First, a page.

I just want to make sure I understand what this means. I am new to Formal Languages and this is my first week of courses.

Suppose we have two regular languages, $L_1$ and $L_2$, with a common alphabet.

The union of $L_1, L_2$ is $\{x:x∈L_1∨x∈L_2\}$

Does this mean that, for any string $s \in L_1$, we also have $s \in L_2$?


1 Answer 1


I see two possible points of confusion in your question, and I will address them separately.

  1. What is meant by the title of your post: ""Regular languages over a common alphabet are closed under union."

  2. "The union of $L_1,L_2$ is $\{x:x∈L_1∨x∈L_2\}$ Does this mean that, for any string $s∈L_1$, we also have $s∈L_2$?"

What is "Closure Under Union"?

Regular languages are a class of languages that exhibit the closure property with the union operation.

The closure property means that when an operation is applied to language(s) of a certain class the resulting language will also be of that class.

In this case the class of languages is the regular languages and the operation is union.

So all this means is that the union of two regular languages is also a regular language.

What is the union of two languages?

Languages can be thought of as sets of strings, so the union operation works the same way as in typical Set Theory.

I would read $\{x:x∈L_1∨x∈L_2\}$ as "the set of strings such that the string is in $L_1$ or the string is in $L_2$."

This does NOT mean that for any string $s∈L_1$, we also have $s∈L_2$.

We only have that for any string $s$ in the union of languages $L_1$ and $L_2$, denoted $s \in (L_1\cup L_2$), that string $s$ is in either $L_1$ or $L_2$.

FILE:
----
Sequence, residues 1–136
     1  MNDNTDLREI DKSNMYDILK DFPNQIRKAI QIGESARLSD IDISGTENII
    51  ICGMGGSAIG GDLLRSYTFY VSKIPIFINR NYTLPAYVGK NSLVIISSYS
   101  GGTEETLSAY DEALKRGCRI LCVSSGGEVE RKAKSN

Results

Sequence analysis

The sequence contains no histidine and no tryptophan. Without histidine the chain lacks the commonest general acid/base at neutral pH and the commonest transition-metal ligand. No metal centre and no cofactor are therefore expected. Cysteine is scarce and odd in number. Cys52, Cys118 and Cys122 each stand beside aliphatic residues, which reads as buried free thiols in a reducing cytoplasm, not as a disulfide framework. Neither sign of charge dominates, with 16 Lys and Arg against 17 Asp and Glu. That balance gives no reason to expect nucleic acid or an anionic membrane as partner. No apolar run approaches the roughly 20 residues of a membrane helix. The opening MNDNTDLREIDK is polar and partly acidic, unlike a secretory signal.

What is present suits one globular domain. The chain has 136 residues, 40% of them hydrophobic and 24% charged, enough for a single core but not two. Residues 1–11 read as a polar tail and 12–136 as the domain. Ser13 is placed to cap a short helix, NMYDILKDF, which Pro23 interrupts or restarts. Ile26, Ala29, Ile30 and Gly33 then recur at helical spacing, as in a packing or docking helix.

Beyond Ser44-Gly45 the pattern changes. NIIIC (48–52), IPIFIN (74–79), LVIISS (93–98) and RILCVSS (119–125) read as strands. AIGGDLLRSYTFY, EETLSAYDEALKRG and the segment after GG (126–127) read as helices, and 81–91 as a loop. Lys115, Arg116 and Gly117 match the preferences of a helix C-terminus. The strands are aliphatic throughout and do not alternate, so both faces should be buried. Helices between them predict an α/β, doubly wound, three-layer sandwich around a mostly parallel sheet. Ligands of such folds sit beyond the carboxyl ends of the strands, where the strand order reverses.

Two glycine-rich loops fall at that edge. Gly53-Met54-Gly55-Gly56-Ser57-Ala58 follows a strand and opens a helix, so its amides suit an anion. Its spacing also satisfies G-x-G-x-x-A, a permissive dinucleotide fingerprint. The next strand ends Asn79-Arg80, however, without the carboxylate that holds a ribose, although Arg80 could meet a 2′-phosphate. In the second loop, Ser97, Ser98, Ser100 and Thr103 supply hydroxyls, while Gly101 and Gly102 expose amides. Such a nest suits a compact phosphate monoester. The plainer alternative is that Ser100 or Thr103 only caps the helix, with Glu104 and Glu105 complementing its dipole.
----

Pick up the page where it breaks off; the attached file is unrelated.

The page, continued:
• $\begingroup$ thank you for the clarification. By "the union of two regular languages is also a regular language", this means we can construct a DFA that accepts the union of L_1 and L_2, correct? (as per definition of regular language) $\endgroup$
    – socrates
    Oct 2, 2016 at 20:50
  • $\begingroup$ Yes, if a language is regular then we can always construct some DFA that only accepts the strings of that language. For a description of how one might construct the DFA that accepts the union of two regular languages see this post: cs.stackexchange.com/questions/22000/… $\endgroup$
    – ctj232
    Oct 2, 2016 at 20:52
  • $\begingroup$ Thank you so much. As you can tell, the question you linked is the direction I'm headed in. The one question I have is: my instructor defined the union of two DFA's as: M=(Q1×Q2,Σ,δ,(s1,s2),F1×F2). The question assumes F1×F2 = {x | x in F1 or x in F2). Is this the standard way to define (F1, F2)? $\endgroup$
    – socrates
    Oct 2, 2016 at 21:07
  • $\begingroup$ And, as a follow up, for M' a DFA that simulates two DFA's, M_1 and M_2, would M' accept prefix-free languages iff, for $F1 \in M_1$ and $F2 \in M_2$, and for $\delta_1 \in M_1$, and $y \in L_2 (L(M_2) = L_2)$, $\delta_1(F_1,y) \not \in F2$? $\endgroup$
    – socrates
    Oct 2, 2016 at 21:11
  • 1
    $\begingroup$ @socrates. Your instructor is using what's known as the product construction for two FAs, as in these notes. That's a perfectly good way to do it, but you can also use regular expressions or finite automata with epsilon-moves. If you haven't heard of these, you will soon. $\endgroup$ Oct 2, 2016 at 23:10

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